In an interview on Meet the Press on Channel 12 Saturday night, former minister Naftali Bennett suggested that should prime minister Benjamin Netanyahu be reelected and the Attorney General decides to indict him, he, Bennett would probably support giving the prime minister immunity from prosecution.
“Israel’s greatest need right now is stability,” Bennett argued. “If there is a stable government in place, it would take something very extreme for me to object to providing immunity.”
As of January 2017, Netanyahu has been questioned by the Israeli police on two issues: Case 1000, which includes suspicion of receiving personal favors from businessmen the PM was dealing with as part of his official duties; and Case 2000, regarding talks between Netanyahu and Yedioth Ahronoth publisher Amnon (Noni) Moses, during which, allegedly, Moses offered Netanyahu positive coverage and hiring his choice of reporters in exchange for eliminating Israel Hayom’s weekend edition.
Regarding these suspicions, Netanyahu has quipped repeatedly: “There will be nothing, because there is nothing.”
In February 2018, after about a year and a half of investigations, Police concluded that there was evidentiary basis for indictments in both cases, for bribery, fraud and breach of trust, and this position was endorsed by Attorney General Avichai Mandelblit. Netanyahu’s pre-trial hearing on files 1000 and 2000 will be held on October 2 and 3, some two weeks following the September 19 general elections.
Bennett, who in the past stated that if the AG decided to indict, he would consider his response, explained that the situation had changed because of the second election.
“I don’t intend that the State of Israel become some kind of a banana republic that’s going to new elections every six months,” Bennett said. “It is a national interest that lies at the very heart of the State of Israel.”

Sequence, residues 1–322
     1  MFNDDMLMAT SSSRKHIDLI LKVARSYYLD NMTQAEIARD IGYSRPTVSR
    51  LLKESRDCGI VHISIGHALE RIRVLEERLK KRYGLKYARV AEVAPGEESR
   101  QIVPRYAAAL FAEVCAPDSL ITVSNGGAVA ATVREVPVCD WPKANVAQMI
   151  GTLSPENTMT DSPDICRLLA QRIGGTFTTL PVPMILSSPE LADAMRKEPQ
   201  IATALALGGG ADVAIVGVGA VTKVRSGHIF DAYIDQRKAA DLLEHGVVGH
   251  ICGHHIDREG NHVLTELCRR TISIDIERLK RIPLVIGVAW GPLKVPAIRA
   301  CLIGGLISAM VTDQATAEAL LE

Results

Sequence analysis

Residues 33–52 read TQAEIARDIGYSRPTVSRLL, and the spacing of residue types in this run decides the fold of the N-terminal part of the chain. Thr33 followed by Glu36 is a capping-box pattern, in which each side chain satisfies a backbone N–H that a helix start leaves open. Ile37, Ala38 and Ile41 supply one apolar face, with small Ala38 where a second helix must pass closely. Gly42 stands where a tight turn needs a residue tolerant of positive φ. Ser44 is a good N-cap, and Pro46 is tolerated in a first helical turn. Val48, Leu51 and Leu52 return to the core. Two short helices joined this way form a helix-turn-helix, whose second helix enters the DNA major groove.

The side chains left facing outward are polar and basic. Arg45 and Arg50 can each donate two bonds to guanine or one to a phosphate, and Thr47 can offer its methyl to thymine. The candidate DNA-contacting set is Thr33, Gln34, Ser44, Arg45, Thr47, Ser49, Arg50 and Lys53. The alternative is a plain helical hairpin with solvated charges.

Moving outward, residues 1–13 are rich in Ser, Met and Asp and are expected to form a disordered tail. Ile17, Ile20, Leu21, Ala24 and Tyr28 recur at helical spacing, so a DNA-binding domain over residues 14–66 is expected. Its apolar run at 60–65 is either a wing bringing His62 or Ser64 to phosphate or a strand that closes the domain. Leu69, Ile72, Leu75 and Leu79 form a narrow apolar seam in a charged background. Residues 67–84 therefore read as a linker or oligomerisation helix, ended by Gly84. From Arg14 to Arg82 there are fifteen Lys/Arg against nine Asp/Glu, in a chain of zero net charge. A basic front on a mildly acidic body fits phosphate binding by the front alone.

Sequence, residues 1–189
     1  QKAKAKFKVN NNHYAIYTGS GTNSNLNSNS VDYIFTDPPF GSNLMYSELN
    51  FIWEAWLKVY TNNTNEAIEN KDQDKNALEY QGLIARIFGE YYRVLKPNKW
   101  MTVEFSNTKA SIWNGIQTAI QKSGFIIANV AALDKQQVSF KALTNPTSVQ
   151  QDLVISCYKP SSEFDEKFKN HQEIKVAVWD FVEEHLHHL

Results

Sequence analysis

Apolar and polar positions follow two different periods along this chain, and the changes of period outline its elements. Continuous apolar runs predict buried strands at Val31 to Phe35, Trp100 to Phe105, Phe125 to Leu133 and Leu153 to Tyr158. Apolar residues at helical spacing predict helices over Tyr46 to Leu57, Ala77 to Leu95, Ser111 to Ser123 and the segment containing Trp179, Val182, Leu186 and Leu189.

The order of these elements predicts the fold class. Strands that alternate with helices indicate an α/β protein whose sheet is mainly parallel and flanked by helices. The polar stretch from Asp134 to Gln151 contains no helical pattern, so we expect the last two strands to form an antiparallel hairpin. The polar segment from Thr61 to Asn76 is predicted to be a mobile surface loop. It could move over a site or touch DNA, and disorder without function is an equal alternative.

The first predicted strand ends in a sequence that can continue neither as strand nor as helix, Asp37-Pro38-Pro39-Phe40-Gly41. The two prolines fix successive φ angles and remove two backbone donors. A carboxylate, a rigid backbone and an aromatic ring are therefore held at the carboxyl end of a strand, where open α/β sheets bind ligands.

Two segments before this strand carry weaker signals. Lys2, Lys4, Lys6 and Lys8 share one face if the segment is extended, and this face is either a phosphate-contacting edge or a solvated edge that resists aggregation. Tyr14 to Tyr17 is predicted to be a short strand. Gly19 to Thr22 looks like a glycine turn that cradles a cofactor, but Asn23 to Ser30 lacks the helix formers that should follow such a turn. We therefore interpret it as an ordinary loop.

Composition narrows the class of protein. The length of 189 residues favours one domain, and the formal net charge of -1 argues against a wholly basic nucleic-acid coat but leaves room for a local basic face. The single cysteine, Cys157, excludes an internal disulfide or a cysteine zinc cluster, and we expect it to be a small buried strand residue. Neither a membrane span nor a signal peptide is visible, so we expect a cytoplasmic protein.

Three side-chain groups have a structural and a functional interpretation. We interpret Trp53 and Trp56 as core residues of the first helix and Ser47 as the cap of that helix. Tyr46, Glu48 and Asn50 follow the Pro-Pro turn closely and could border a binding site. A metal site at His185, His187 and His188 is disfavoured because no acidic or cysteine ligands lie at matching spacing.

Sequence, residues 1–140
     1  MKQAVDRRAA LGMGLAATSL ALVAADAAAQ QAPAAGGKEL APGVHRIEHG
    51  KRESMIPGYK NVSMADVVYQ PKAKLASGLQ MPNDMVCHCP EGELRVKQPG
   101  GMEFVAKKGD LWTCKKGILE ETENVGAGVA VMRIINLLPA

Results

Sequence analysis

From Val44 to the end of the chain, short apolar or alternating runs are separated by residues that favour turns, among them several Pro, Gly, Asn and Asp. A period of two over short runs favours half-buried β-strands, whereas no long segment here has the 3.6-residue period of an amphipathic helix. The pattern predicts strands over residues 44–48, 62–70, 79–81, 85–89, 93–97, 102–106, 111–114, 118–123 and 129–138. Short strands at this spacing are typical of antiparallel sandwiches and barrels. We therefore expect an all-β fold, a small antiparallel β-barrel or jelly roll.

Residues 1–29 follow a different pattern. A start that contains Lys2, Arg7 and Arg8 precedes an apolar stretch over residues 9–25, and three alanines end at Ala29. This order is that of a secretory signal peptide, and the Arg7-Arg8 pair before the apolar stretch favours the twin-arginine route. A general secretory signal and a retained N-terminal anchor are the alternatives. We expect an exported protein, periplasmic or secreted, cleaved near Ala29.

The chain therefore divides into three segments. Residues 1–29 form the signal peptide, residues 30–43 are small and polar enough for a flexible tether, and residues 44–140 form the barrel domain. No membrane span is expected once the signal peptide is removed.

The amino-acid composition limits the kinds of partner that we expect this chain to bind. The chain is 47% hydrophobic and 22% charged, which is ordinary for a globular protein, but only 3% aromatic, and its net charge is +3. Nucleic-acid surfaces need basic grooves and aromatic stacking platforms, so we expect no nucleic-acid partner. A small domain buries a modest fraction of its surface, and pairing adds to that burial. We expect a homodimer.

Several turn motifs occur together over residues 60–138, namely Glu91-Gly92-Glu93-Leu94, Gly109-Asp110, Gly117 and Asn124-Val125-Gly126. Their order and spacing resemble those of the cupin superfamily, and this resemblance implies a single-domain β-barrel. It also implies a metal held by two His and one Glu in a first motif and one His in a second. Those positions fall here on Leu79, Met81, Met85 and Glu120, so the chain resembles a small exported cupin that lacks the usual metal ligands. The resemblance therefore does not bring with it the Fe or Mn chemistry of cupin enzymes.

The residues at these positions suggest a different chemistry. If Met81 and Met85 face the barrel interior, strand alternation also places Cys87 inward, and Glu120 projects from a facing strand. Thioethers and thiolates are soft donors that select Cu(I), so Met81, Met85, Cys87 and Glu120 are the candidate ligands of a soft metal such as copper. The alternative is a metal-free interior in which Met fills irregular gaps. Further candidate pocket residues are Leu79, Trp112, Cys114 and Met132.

Bennett argued that the very question of the PM’s immunity the Knesset would be contemplating raises the MKs’ need to balance the various interests involved.
“There is a vested interest in moral uprightness and there is a vested interest in governing the most complex country in the world which is threatened by Iran, Syria and Lebanon,” he said. “When you balance it all out, you have to take everything into account. If it were about murder or rape, it’s one thing, but if it’s about other things it’s a different story.”
Bennett’s party, Yamina, is concerned that no matter how well it would do come election day, Netanyahu could opt for a broad coalition with the center-right Blue&White which would exile them, possibly along with the Haredim, to the opposition wilderness. This may be the reason Bennett is eager to signal to Netanyahu that while his potential partners to his left might ditch him should he be indited, Yamina would remain loyal him in his time of need.
Bennett’s party chairwoman, former justice minister Ayelet Shaked, on Sunday morning she backed her party member’s position in an interview she gave Army Radio, saying, “I bless Netanyahu that his cases will be dropped. We are against changing the Immunity Law, and should the prime minister decide to appeal to the Knesset committee for immunity, then we will consider everything and decide according to the good of the State of Israel.”
“The stability consideration is very significant,” Shaked stressed. “The law governing the indictment of a prime minister is very clear: it allows him to serve until a final judgment is ruled. This is so that one person’s decision, the attorney general’s, not result in a government coup. And in weighing the prime minister’s request for immunity everything must be considered, including the stability of the government.”
“There are other significant issues at stake: Israel’s economy, the security situation, the education health systems. You can’t just deal with Netanyahu’s immunity, you have to consider other fundamental considerations,” Shaked said.